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Embracing Discomfort: “There’s no painless route to your Promised Land”

There are times when being under the weather can have surprising benefits. Even if at first glance the benefits feel more like a metaphorical face-punch.

Yesterday was one of those times with one of those benefits.

Yesterday was Sunday. And like many people around the world, on most any given Sunday, you’ll find us in church. Not because we’re holy and have it all figured out, but because we’re a bit more of a mess than we care to admit most days and need all the help we can get.

(Don’t let the ‘church’ stuff throw you. If you aren’t really into ‘that sort of thing’, I promise this post has something to offer you.)

OK, so where was I? Oh yeah, church. Sort of.

I suppose I could have gone to church in an actual church building-but, still residing in the Land of Ick with this flu and not wanting the attention hacking through the service would likely bring, I opted to ‘do church’ from my comfy chair, sitting by the comfy fire, in my comfy study, wearing my comfy clothes (are you sensing a theme here?).

On days like yesterday, when physical church attendance isn’t an option, we often choose to ‘attend’ our former church in Texas via the miracle of modern technology. And that’s exactly what we did yesterday.

Now, it’s from this point on that I can’t take much credit for any inspiration you might glean from my words, as they’re directly inspired by the way God used Pastor Toby Slough to speak into my life yesterday, including the line at the beginning of this post: “There’s no painless route to your Promised Land”.

While I realize what Toby had to say applies first and foremost to our walk with God, I'm certain it applies to every other aspect of our lives as well.

His message was a cornucopia of challenging, inspiring and convicting thoughts. I wish I had the time and space to share them all. But in this particular post, I want to focus on a small fraction of what Toby shared. With Yoda like wisdom (except the words were in a more normal order) he said this:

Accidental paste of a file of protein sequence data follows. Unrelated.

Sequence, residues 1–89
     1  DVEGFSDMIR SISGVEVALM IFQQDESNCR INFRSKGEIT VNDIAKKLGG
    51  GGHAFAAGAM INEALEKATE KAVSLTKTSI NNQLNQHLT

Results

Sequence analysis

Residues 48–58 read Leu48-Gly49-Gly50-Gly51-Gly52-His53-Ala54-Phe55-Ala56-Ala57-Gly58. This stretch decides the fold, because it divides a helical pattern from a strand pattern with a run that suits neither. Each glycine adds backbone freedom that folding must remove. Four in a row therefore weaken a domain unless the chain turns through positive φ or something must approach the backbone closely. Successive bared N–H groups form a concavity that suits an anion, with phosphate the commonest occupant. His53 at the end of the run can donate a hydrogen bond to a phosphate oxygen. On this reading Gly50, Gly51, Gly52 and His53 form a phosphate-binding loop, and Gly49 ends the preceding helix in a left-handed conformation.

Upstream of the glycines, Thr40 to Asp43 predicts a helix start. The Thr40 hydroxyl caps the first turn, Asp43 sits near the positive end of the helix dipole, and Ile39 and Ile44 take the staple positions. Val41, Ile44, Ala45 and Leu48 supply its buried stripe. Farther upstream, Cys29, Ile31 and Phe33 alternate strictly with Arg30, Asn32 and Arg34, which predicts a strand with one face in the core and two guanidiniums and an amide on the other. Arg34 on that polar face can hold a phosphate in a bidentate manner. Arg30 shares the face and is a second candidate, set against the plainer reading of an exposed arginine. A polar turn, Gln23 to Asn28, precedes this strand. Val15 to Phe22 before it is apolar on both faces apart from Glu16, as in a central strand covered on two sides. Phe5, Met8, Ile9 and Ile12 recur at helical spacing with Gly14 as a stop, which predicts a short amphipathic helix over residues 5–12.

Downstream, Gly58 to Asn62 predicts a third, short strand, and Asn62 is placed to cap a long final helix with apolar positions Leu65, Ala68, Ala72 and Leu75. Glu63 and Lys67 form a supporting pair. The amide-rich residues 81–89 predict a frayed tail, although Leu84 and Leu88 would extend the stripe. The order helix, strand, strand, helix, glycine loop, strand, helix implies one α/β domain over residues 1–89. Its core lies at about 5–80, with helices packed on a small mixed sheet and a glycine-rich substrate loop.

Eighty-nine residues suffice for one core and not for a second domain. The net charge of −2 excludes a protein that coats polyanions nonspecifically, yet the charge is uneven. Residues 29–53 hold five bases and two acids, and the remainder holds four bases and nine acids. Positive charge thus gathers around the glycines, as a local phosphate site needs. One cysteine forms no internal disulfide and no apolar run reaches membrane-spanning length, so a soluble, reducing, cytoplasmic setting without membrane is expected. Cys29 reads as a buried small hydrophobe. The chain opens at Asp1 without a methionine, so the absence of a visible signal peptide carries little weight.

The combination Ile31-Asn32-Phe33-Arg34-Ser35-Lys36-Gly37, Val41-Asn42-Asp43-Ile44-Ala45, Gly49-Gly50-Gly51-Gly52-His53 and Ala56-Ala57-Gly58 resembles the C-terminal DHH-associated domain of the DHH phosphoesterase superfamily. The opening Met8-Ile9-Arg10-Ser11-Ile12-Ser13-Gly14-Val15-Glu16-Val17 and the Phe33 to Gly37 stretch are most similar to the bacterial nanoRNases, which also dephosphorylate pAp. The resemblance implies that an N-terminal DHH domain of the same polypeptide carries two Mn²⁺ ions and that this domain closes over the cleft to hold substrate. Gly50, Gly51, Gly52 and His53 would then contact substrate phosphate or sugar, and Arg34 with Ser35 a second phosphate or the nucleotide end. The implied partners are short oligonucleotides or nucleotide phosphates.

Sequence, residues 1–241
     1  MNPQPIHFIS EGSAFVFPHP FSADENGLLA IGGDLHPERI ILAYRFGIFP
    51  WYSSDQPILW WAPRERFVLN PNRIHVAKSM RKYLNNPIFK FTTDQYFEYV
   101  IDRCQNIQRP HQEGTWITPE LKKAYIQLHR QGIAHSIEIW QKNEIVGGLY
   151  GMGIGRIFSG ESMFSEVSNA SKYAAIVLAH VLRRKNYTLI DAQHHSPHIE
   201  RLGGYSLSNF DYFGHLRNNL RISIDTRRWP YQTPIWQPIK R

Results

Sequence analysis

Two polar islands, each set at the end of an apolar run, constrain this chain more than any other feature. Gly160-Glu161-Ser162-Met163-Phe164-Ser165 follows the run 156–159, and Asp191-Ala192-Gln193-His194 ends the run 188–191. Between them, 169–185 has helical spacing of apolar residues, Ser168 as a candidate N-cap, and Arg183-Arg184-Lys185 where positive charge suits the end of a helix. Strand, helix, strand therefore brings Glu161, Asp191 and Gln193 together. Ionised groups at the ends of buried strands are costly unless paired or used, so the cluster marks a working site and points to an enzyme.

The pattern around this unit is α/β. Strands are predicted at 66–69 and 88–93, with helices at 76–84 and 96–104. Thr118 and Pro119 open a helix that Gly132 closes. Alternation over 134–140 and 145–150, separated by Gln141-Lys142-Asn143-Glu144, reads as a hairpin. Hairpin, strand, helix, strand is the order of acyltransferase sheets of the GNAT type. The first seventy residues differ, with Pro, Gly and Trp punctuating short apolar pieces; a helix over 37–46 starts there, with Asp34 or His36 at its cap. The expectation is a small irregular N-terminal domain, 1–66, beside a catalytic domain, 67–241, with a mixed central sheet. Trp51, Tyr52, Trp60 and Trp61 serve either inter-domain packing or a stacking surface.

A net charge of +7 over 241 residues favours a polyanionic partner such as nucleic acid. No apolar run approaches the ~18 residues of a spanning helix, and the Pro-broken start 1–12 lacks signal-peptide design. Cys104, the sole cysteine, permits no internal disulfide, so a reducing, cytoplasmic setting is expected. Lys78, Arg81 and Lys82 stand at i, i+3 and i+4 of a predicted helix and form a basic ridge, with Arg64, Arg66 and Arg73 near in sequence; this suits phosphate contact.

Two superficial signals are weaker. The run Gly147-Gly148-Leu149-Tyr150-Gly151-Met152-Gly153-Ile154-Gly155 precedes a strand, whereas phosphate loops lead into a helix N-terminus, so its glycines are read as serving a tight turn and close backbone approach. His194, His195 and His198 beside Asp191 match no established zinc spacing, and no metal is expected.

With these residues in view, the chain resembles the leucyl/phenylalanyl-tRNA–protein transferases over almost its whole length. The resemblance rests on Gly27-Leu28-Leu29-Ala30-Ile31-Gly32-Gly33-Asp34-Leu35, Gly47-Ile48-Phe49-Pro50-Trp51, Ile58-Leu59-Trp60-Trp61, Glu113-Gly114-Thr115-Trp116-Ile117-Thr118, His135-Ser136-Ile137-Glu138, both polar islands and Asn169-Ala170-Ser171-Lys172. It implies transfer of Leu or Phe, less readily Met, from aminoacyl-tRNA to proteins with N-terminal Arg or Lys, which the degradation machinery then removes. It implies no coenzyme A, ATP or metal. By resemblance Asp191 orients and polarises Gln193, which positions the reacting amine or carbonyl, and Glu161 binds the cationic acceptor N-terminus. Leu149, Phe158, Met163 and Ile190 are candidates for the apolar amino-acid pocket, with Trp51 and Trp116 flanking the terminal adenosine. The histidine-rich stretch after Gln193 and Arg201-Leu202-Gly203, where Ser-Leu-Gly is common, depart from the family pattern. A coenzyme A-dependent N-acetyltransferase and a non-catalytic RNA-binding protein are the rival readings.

“You will never step into your destiny if you keep holding on to your comfort.”

Drop mic.

Close curtain.

Cue face-punch.

Once I came to, here’s what I realized:

I have met the enemy of my potential. Potential to achieve, to help, to grow, to learn. To make a difference. To step into my destiny.

That enemy? Comfort.

Sound dramatic? Over-stated? Well, maybe. But just hang with me for a minute. If you read my post from last week, Purpose or Paralysis, we talked a lot about what the peddlers of paralysis might be in our lives. Today, I’m aware of one that may be the mother of all others. Let’s look at why.

What stops us (stop me), from trying, taking chances, using our talents, exploring our hearts, leaning into the possibility that we’re created, by a Creator, for a purpose greater than we could ever imagine?

What stops us (stops me) from healing from hurts, facing our fears, risking failure, asking for help, helping others, being vulnerable, owning our story, apologizing, changing, choosing “sacrifice over security”? (Another Toby-ism).

I think the answer ultimately comes down to one thing. We value, dare I say, worship, our comfort. And understandably so.